Friday, January 2, 1998 by Dave Winer.
Yesterday, a view of male emotion in Men Stay Silent.
Today a specific look at one emotion, anger, evidence of its existence, justification for it, and safe ways to release it.
On the front page of yesterday's New York Times, a story of a woman, Karla Faye Tucker. She's on death row in Texas, scheduled to be executed on February 3.
Before discussing the specifics of the case, how do you feel about this?
In Texas they're having quite a problem. Killing a woman? Wow. In the name of justice! It doesn't fit the Texas lifestyle.
Television evangelists, her prosecuting attorney, the family of a victim all agree. It's a mistake to kill this person.
Everyone says over and over that it doesn't matter that she's a woman, but we know it totally matters. Why is it more of a tragedy for the government to kill a human being just because the person is female?
What does this say about our attitude, in general, about each of the genders?
One deserves forgiveness, and the other deserves vengeance?
Here's another experiment. What is your visual image of Ms. Tucker? Is she tall or short? Ugly or beautiful? Young or old? Black or white? Does any of this make a difference? Really go in there, try the experiment.
If you can find her picture on the net you might be shocked.
A social setting in Marin County, California. Several adults, equal numbers of men and women. A woman uses the word "Bobbit", in a (mock?) threatening tone, to a man, and then laughs. Everyone, men included, except me, laughs. I turn my head so they can't see the look on my face. I am outraged.
I believe it would do no good to stop the conversation and say "I find that very offensive. I thought you were a friend. How can you make fun of sexual mutilation?"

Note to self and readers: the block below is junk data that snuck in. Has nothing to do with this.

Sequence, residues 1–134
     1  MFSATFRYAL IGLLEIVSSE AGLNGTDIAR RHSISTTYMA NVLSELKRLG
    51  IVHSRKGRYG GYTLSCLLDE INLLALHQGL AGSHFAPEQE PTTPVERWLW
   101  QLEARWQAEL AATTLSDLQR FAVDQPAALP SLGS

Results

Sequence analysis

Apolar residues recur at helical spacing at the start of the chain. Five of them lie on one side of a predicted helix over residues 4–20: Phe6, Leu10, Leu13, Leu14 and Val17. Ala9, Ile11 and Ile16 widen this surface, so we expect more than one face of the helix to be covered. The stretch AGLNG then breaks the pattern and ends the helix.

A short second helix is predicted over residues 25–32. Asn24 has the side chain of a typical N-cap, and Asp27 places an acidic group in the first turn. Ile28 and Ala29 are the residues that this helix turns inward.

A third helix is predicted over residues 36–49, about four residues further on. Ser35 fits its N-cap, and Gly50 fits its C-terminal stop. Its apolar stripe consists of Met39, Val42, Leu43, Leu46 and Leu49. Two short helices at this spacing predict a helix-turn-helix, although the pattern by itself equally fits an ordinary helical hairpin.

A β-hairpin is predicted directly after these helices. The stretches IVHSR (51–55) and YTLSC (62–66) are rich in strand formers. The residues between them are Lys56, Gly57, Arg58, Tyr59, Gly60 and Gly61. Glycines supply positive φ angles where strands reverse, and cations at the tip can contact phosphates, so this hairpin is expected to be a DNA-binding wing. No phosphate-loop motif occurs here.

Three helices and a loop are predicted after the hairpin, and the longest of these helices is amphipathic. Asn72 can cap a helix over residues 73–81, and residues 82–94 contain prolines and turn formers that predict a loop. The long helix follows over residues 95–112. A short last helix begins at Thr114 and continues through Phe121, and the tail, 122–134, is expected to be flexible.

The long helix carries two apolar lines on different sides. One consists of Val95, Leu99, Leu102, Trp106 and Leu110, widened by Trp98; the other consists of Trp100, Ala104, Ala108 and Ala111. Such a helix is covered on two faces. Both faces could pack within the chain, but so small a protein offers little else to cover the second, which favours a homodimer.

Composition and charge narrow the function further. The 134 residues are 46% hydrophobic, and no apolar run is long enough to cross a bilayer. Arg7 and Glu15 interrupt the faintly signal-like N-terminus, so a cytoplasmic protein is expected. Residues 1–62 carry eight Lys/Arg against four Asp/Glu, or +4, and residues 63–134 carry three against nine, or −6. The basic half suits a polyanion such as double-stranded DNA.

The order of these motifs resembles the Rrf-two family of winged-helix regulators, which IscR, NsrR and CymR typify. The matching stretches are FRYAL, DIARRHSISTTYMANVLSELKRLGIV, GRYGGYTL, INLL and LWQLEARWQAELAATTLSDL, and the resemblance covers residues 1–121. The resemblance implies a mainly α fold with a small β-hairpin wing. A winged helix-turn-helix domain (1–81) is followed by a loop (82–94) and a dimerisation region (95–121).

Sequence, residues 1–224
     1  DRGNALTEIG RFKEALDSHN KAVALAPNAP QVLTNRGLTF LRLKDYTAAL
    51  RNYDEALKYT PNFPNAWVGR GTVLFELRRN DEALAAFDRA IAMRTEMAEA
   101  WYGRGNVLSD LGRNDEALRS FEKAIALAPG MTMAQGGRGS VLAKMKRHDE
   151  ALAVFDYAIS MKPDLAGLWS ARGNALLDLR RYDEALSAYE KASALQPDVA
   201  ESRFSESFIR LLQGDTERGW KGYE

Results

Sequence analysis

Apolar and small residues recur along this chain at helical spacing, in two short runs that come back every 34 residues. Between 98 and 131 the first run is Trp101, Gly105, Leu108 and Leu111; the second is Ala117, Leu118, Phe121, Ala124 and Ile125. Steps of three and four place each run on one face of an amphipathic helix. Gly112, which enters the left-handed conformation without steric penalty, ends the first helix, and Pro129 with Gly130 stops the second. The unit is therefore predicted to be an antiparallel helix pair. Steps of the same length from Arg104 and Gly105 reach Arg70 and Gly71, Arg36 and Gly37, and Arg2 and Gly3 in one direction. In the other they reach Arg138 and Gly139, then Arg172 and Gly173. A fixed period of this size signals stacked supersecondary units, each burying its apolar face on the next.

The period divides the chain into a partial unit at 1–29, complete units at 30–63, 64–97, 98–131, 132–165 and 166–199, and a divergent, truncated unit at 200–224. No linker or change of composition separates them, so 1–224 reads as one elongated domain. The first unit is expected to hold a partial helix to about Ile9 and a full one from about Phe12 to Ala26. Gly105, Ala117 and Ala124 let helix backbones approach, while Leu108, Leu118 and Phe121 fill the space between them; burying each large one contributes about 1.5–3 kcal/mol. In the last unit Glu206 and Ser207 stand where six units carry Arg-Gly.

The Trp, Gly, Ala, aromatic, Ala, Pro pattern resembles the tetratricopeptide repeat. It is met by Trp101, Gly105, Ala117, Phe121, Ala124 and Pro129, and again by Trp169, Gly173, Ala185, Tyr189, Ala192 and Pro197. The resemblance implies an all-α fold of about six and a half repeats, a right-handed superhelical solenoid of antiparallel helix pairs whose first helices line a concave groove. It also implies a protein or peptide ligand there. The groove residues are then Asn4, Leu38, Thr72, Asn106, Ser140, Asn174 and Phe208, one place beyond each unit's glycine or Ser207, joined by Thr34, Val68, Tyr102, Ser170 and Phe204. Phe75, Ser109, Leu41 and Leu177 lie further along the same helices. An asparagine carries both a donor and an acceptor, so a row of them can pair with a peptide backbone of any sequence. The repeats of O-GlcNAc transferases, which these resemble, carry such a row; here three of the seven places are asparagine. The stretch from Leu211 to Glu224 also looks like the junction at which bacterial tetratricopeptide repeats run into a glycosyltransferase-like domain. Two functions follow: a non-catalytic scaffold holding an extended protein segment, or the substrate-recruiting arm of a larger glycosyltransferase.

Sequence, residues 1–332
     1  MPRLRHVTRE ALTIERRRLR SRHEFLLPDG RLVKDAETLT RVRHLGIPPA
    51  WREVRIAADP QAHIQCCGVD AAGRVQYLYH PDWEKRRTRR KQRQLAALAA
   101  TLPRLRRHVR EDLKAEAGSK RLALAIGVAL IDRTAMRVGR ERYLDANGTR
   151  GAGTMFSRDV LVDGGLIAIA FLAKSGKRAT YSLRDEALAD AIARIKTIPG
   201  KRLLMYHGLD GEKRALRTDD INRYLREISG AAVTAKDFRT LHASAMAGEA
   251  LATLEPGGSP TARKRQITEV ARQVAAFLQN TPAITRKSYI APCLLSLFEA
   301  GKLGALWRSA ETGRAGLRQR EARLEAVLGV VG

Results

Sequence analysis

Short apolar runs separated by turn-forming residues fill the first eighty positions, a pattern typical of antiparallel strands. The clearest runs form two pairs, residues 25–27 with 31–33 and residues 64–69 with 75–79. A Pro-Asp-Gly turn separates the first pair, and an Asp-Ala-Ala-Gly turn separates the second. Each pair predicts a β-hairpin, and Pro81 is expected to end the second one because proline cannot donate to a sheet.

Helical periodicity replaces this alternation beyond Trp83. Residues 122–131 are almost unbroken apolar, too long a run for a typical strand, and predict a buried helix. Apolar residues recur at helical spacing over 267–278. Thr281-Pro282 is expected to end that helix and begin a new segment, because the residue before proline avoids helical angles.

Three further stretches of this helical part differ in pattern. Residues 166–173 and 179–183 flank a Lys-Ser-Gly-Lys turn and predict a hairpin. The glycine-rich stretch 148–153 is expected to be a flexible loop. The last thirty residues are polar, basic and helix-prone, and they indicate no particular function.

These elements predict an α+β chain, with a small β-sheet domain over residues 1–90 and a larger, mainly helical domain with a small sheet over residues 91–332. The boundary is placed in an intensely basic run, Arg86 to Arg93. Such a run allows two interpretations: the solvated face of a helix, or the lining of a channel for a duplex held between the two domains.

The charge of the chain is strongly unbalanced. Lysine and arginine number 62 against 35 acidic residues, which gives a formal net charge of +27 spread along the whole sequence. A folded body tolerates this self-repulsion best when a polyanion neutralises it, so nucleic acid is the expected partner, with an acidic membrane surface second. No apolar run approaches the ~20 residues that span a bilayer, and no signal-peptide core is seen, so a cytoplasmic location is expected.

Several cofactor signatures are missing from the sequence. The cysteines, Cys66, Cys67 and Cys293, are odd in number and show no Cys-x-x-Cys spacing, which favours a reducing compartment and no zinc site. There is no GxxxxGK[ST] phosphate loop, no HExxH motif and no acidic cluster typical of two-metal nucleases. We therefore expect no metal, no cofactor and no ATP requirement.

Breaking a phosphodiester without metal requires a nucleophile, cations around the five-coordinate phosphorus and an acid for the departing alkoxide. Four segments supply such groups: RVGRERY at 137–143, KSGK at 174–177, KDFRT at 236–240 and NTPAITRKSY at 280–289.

That's the calm version, after several months of reflection and processing. The words that would express what I was really feeling would have been much stronger. The anger would have been clearer, not judged, not transformed into silent frustration.
I don't want anyone to get hurt, and that includes other men. I identify with the man in the Bobbit situation. It's impossible for me to have a balanced opinion about this. It's a horrible idea.
Here's what I want to say to men about this. Stop laughing at things that aren't funny. And the same message, with something extra for women.
First, remember the golden rule. Imagine part of you being severed from your body. Double the value of that because of differences between men and women.
The second thing that's wrong is that you probably aren't ready to hear from men about this. This is one of those barriers I talked about yesterday. I've tried. The response is "lighten up" or "get over it". Uh huh. Learn to listen.
A joke! If a man said something in a forest and no woman heard him, would he still be wrong?
It's so true!
I heard a report on National Public Radio a few weeks back, talking about an educational program in an inner city to teach boys not to abuse women when they grow up.
It was a long report, with interviews and tapes of the classroom sessions. The teachers don't pull any punches, they explain what abuse looks like, in detail, say why it's wrong, and explain what the penalties are for doing it.